Reducing Data Size
Big data, very loosely defined and depending on whom you ask, means the tools, processes, and procedures allowing an organization to create, manipulate, and manage very large datasets and storage facilities. Some datasets have grown so gigantic, on the order of terabytes, exabytes, and zetabytes, that they have created capture, storage, search, sharing, analytics, and visualization issues beyond the current capacity of any one organization to manage.
Part of the problem, some say, is that scientists are pack rats, unable to part with any data—ever. Novel tools and approaches are sorely needed to analyze all this stuff and make it useful. Since single week-long sequencing runs currently can produce as much data as did entire genome centers a few years ago, the need to process terabytes of information has become a requirement for many labs engaged in genomic research, Illumina’s Chief Information Officer, Scott Kahn, noted in an article in Science.
“We at Illumina see genomics big data as more of a challenge than a problem,” Kahn told GEN. “We are pushed to create more sequences, more cheaply, more quickly, thereby producing more and more data to analyze.
“Our approach is to attack the issue on a couple of fronts. The first is to try to engineer more into our instruments so they can process but not remove any information content. We have moved from offline analysis to online analysis and now to offline analysis that can happen on the cloud.”
Illumina introduced a software capability called RTA two years ago. It changed the need to bring image data off the machines to having the bases or reads come off the machine, Kahn explained. “This effected an order of magnitude of reduction in data, but the information remained intact—you didn’t lose anything.
“We then launched BaseSpace to use the network to do processing in the cloud and to aggregate the data centrally,” Kahn said. BaseSpace is Illumina’s next-generation sequencing cloud computing environment for data analysis, archiving, and sharing MiSeq data.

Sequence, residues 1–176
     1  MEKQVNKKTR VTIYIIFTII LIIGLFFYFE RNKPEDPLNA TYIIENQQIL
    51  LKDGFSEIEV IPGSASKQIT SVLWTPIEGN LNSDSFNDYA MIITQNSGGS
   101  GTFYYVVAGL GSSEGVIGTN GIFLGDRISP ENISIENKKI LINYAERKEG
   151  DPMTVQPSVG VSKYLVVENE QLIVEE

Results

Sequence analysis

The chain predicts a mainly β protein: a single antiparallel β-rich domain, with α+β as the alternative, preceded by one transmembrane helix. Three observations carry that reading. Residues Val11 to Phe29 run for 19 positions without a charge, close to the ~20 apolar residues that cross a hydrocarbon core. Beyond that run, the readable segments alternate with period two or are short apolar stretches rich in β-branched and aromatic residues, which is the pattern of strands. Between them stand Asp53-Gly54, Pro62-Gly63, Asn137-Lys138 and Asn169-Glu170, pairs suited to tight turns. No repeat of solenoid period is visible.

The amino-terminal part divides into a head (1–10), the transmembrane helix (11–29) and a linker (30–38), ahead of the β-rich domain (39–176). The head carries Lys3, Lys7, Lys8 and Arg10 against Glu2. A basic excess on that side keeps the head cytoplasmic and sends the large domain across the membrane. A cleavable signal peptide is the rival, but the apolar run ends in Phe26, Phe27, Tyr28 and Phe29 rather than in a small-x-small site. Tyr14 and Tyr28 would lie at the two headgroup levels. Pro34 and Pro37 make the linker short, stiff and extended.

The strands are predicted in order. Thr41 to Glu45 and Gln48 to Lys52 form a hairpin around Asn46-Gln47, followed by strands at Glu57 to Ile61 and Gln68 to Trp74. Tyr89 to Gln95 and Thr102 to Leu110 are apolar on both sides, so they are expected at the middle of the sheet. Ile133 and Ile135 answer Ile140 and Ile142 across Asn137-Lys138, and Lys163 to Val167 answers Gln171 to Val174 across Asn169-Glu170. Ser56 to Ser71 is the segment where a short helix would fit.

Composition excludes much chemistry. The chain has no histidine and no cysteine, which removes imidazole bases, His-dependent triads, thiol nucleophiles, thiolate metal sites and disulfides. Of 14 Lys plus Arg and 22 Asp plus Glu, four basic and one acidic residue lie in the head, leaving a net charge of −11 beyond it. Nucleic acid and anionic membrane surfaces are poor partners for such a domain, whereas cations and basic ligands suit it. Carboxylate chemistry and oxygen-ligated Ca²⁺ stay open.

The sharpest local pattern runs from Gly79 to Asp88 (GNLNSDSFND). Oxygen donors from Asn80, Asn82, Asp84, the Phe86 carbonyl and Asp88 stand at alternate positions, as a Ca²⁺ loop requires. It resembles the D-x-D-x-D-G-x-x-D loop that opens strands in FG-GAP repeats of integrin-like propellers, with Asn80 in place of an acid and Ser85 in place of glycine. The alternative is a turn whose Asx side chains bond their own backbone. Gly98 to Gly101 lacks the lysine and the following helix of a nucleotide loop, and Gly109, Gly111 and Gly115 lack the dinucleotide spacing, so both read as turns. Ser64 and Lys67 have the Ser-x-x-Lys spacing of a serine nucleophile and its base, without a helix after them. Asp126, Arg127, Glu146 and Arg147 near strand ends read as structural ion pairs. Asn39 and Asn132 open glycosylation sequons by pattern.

“Variants, for example, are 10 or 20 times smaller than the raw data,” Kahn continued. “So if you know what you are looking for, you can automatically deploy a workflow application that will reduce the size of the data and retain the information that you need.” For example, he said, if you just want to look at variations in the genome, and just store the variations, you reduce the size of the data. “If you want to go back to the raw data, you’d have to resequence. As the cost of resequencing gets lower and lower, it becomes cheaper to resequence rather than store data.”
Illumina, he said, recognized that “where sequencing is going requires a large engagement of the community.” He explained that the company started a group called the Genome Informatics Alliance (GIA). “This alliance, by engaging the participation of a variety of informatics scientists, genomics scientists, and other interested parties, allows us to bring together an otherwise disparate community to discuss topics that they could contribute to and address. Over four years, it has worked out nicely. We can work on problems well in advance through anticipating them and planning for them a little better.”